On Writing/Reading Romance

This past week there has been some dust-ups online concerning authors making statements on their genre. And by dust-ups, we’re talking Battle of the Five Armies. Which has led me to post my feelings on the issue. This may be shooting myself in the foot, but I already have a limp and own a cane.

For those unaware of what I am speaking of, a male author (JA Konrath) made a statement about erotica that offended the current groups of romance and erotic romance authors – the vast majority of which is female. His continued defense of his offensive comments is just fanning the flames. It is being likened to when Nicholas Sparks made the comment about how he wrote “love stories” not “romances.” Two well known authors both marginalizing the genres in which they write. Ones that are notably female-led genres.

Why do I have any opinion at all? Keep in mind I review books on a site known for paranormal romance and urban fantasy titles. I started doing so as a result of comments the owner had on lack of male authors in the genre as well as male reviewers. This has lead to me reading more in the paranormal romance and other romance genres than I had before. So I am an anomaly amid our peers there.

Additionally (as a lesser known characteristic of me), the majority of my writing group writes romance or erotica of some form. One of them almost exclusively contemporary romance. A genre I still don’t read unless it is an assignment for group, but I will dive into that more later. So, my critique comes for a combination of authors writing romance or novels with strong romantic elements in them.

Finally, there’s the “sins” of my youth I still feel as if I am paying for. Out of college I worked two full time jobs – for many years. Typically, around the holidays, one of those would be at the local mall in the Waldenbooks location. I know, I’m dating myself. Spoiler Alert: I’m old.

While working in the book store, we fit into a routine. I spent a lot of time on register, because the long lines didn’t stress me, I was fast on the register and my sleep-deprived brain did well at it. We even had our “sections”. Which almost exclusively meant these were the tasks we would negotiate with other workers. In my instance I had made a vow (that I have since broken) to never touch Magic cards. So, one of the other workers would restock the Magic if I stocked reference titles.

The person who was our science fiction section person was also a romance author. She co-wrote titles with her husband. And (as I now know to be commonplace), they didn’t sell enough to be a full time job for either of them. But she preferred to read scifi, so she was our scifi section person. She couldn’t bring herself to stock the “sophisticates.” At that time that was the euphemism used to describe the nudey mags. While I wasn’t a connoisseur of them, I had not issue popping a bunch in the upper section of the magazine rack. (It helped I am 6’2″.) In exchange, she would stock the romance novels for me.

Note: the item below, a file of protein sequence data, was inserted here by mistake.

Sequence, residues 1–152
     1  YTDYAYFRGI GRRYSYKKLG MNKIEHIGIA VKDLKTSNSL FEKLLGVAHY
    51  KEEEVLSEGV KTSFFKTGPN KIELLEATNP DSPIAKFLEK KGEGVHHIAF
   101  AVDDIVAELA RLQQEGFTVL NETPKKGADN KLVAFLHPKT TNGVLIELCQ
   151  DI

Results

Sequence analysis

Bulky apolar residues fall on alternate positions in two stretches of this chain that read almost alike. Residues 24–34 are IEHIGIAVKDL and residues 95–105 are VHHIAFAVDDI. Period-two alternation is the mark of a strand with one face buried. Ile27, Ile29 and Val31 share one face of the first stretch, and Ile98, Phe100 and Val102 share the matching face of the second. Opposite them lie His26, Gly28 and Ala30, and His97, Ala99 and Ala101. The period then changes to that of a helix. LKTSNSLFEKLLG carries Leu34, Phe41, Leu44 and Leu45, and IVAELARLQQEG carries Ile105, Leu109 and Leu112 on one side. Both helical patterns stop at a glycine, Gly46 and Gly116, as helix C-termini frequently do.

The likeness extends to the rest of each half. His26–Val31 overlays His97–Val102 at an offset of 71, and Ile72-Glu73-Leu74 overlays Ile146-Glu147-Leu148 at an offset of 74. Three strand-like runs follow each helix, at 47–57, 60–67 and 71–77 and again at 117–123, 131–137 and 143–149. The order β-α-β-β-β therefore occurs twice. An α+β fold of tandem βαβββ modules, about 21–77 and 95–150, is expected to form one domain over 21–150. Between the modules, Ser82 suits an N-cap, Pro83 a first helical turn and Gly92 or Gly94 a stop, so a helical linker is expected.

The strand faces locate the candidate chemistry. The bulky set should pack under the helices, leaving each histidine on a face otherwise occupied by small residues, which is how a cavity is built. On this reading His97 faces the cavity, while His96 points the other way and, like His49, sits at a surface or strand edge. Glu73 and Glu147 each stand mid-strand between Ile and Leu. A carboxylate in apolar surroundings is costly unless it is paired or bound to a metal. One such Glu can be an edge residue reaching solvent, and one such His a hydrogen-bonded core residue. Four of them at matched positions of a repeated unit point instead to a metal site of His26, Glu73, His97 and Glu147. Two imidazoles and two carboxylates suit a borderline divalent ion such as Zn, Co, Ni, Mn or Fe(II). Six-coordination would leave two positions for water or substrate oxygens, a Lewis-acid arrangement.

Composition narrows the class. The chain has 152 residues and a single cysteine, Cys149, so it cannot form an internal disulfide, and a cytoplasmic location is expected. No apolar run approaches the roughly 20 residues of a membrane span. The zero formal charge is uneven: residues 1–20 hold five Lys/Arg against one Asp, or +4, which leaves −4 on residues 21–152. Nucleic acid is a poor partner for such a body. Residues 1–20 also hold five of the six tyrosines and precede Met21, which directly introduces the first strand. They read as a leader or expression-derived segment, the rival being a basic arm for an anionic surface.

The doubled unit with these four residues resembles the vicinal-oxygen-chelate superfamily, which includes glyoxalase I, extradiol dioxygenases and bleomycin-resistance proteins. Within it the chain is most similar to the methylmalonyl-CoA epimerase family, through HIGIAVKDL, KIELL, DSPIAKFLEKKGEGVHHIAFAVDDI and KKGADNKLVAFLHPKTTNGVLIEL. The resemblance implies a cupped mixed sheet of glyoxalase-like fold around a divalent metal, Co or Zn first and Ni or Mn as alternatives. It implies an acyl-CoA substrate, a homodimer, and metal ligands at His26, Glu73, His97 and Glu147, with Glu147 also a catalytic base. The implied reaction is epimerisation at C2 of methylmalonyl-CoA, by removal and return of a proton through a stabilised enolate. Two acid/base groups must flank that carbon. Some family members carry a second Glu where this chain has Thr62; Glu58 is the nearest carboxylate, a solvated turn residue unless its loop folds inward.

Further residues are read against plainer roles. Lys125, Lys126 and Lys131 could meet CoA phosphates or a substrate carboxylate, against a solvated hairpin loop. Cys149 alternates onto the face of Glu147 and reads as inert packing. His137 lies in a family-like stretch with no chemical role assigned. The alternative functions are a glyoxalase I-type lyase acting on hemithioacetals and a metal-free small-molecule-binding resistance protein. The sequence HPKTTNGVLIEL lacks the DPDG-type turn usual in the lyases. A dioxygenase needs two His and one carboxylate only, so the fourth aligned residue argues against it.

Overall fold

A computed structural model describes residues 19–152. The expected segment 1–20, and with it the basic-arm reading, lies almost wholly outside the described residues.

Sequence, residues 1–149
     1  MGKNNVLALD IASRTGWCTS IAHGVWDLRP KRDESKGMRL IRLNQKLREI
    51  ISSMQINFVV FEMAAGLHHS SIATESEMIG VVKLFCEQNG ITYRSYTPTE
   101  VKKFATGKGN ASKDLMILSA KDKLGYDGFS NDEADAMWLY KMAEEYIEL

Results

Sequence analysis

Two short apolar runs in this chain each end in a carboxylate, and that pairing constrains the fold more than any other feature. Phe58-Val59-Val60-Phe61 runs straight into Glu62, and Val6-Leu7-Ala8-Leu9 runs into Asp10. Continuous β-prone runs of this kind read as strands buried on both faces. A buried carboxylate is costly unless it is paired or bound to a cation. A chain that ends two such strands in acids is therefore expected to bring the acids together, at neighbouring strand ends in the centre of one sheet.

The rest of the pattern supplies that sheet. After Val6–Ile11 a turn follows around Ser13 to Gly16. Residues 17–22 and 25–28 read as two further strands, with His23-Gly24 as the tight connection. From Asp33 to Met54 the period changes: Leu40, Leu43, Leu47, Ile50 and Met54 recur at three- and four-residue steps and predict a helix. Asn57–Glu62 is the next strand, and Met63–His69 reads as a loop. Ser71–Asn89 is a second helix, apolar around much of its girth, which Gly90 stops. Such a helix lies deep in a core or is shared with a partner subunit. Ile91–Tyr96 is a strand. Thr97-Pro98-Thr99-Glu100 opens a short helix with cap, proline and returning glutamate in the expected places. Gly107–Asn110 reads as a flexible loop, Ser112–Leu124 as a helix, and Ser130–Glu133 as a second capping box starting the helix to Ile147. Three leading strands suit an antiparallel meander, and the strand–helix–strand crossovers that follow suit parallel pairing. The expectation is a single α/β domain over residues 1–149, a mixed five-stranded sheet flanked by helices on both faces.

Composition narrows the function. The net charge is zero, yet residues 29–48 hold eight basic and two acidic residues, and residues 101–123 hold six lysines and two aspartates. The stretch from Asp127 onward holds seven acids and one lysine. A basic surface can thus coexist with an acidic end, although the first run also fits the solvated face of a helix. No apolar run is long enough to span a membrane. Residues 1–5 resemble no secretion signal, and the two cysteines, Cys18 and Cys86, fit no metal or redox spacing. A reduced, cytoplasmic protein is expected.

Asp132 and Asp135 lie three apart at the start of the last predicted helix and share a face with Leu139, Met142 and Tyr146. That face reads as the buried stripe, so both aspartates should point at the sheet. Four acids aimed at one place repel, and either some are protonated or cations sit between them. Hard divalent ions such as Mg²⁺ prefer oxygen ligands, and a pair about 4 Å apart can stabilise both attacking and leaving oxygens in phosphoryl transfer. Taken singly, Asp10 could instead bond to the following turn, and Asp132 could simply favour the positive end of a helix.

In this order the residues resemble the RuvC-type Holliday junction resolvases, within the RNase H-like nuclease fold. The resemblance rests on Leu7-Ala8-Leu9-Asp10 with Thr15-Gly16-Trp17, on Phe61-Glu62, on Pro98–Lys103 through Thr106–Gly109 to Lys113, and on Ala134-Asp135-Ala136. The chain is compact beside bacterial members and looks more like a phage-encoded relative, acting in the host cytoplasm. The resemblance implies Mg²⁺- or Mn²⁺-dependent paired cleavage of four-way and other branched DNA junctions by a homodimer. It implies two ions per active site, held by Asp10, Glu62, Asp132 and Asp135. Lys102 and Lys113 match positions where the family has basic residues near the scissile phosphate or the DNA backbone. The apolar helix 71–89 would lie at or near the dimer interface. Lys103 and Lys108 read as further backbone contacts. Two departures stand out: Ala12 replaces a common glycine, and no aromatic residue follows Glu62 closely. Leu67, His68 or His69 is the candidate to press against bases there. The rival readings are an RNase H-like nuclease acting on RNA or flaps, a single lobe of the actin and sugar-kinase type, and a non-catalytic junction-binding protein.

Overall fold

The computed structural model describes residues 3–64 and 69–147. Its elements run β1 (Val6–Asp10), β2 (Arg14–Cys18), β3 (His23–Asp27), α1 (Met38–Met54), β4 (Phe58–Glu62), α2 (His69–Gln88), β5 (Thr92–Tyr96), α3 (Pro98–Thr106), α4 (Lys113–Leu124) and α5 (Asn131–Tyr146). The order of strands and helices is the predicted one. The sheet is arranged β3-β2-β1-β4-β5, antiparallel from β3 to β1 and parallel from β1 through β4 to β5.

This isn’t to say that it was my section, but I had no interest in them and couldn’t hold a conversation on them. I was a 22 year old guy who read mostly literature books in college and science ficiton/horror for fun. I held the same prejudices against the genre that the authors above were displaying. Not really that they were “lesser”, but at the very least they were something there was no way I could identify with. They were stories for other people, like the grandmotherly types that came in once a month for what equated to a grocery bag full of Harlequin romances, most in the thin novella sized prints.

What I did right: Though I petitioned to not have to stock the shelves, as the register monkey I dealt with the regulars coming in to get their “pull list.” Note the relation to that with the comic book fan (who have a similar pull list). They were our version of Norm from Cheers. I helped them with a smile and chatted while I rang them up. I listened when they would tell me about passing along the books to their daughters when they were done with them… or at least when they filled up their shelves to overflowing. I would intone that you give gifts to those you care about, you give books to the ones you love.

What I did wrong: I assumed these were stories I wouldn’t get. Somehow I saw them as something that wasn’t for me. The only time I sold those titles to a man was when they were picking them up for their wife/mother. The only time I bought them were as a gift… Nora Roberts for my grandmother, because my mother told me she liked her. I also assumed titles like Anne Rice’s Sleeping Beauty series were scifi or horror, not erotica.

What I have learned: There is more to Heaven and Earth than what can be explained in your science fiction novels, Zombie Joe. I have come to know that romance authors are some of the hardest working craftspeople you could be lucky to study under. They take their craft, and the business, very seriously. And it shows in their work. At the same time I have come to realize that all believable stories have romantic relationships in them. If you want to write them realistically, talk to the professionals.

The women I have studied under in these years (sometimes at the instance of male mentors in the field), are professional and generally smarter than I am. So I listen when they’re talking about the craft of writing. Or the business of it. Furthermore, were I lucky enough to be publishing a romance novel (though paranormal would likely be the only field I could manage) or an erotica novel, I wouldn’t tarnish the event by diminishing the group of peers that I have just joined.

While Konrath’s faux pas doesn’t put him in the same category as Orson Scott Card with me (of which I will never purchase a book, movie, or even watch/read it for free), I do hold onto the story of it for future use. The memory of it serves as a “what not to do” reminder for me.